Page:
“As an advocate of technologies that help blind and low-vision individuals, and as chair of an organization managing a digital library based on DAISY XML formats, I can attest that this ‘Save as DAISY XML’ plug-in for Microsoft Office Word is a landmark development,” said Dominique Burger of BrailleNet. “The ability to generate DAISY XML content from within an application used by millions of people around the world is welcome news for all who have been pushing for such a broad-reaching solution.”
This new tool also presents the opportunity for organizations and independent software vendors to consider ways in which the technology may be employed to meet the needs of those not yet served by text-only or audio-only formats. Corporations such as insurance agencies, healthcare providers and companies that publish training manuals require a method to deliver fully accessible documents to their customers and employees with different needs. For these organizations, the “Save as DAISY XML” add-in is the breakthrough they have been waiting for.
“Because it’s part of a familiar tool, this plug-in for Microsoft Office Word significantly reduces the friction for content creators in producing accessible digital material,” said Andrew Savikas, director of publishing technology at O’Reilly Media Inc. “Support for DAISY, along with the emerging ePub standard, is an easy way for software makers to build accessibility into their products, and I hope to see others follow suit.”
“Technologies that address the specific challenges that universities and public institutions face in providing books and publications for those who cannot read standard print are in great demand,” said Sam Ogami, assistive technology expert for the California State University Office of the Chancellor. “Functionality like the new ‘Save as DAISY XML’ feature within Microsoft Office Word could greatly streamline the production — and reduce the expense — of delivering powerful and accessible content to those who need it.”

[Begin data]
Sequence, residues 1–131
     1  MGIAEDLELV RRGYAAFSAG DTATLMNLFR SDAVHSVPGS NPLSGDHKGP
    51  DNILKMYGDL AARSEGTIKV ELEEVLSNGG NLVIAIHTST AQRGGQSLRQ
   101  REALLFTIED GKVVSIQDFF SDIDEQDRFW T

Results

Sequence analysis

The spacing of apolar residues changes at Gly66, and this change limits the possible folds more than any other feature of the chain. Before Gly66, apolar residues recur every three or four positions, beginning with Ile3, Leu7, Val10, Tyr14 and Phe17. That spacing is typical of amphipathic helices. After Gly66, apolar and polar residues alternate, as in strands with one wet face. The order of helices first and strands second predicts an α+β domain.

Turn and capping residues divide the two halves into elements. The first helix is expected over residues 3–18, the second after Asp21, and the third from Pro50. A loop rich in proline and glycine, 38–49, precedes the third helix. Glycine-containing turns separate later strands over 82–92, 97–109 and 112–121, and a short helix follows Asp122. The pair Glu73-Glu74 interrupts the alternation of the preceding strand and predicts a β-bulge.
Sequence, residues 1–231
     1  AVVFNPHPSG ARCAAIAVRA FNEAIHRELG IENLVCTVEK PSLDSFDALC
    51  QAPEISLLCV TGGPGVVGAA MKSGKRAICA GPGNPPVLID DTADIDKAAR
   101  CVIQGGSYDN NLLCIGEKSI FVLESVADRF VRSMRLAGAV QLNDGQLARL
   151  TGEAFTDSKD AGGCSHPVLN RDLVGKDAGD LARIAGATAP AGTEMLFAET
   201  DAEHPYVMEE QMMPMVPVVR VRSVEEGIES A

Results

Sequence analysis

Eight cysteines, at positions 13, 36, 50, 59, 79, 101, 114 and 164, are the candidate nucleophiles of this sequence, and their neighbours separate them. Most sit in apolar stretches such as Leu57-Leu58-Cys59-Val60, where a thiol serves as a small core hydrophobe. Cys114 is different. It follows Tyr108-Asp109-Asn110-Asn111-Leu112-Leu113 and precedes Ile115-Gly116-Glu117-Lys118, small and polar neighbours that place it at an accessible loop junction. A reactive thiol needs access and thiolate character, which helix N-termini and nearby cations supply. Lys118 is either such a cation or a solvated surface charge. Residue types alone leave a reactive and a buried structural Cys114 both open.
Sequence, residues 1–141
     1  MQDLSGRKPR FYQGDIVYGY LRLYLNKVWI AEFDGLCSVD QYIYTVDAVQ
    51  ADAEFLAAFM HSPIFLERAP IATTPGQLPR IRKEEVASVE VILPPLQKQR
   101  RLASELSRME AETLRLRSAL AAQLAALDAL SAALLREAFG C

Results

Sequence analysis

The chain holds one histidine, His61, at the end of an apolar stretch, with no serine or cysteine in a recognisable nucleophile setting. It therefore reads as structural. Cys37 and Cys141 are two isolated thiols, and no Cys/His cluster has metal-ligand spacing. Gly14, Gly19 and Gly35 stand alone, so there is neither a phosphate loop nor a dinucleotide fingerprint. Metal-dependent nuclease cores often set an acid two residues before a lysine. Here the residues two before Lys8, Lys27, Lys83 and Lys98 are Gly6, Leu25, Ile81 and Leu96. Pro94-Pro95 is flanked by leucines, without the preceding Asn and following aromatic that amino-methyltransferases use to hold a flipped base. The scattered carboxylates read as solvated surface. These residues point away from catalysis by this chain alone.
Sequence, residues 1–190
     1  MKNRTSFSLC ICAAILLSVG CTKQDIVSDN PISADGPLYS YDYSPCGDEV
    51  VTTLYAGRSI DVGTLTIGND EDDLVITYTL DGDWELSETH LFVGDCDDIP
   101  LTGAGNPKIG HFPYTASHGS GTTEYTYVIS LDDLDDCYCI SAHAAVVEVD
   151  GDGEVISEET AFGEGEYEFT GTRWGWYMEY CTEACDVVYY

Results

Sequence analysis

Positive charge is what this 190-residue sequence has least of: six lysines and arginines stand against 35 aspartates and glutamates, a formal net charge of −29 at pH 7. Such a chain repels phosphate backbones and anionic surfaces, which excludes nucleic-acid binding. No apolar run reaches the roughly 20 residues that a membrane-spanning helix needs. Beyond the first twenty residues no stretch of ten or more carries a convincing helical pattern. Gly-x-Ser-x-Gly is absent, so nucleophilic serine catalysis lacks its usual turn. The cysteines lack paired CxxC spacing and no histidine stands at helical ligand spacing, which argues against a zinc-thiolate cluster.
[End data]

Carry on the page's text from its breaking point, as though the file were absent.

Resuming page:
“Libraries today are often ill-equipped to provide content for people with print disabilities, and the methods they have at their disposal are antiquated,” said Helen Brazier, a member of the International Federation of Library Associations (IFLA). “But things are beginning to change, and state-of-the-art technology like the ‘Save as DAISY XML’ add-in and the new DAISY Pipeline are making it easy and cost-effective for libraries to essentially level the information playing field for people with disabilities and do things they never before could have imagined.”
The open source nature of the Open XML to DAISY XML translation project enables technologists to utilize the source code and other resources for their own applications. As Open XML adoption continues to expand across the software industry for use on various platforms, including Linux, Windows, Mac OS and the Palm OS, solution providers interested in creating their own Open XML to DAISY XML translators can reference information available through the SourceForge open source project site at http://sourceforge.net/projects/openxml-daisy.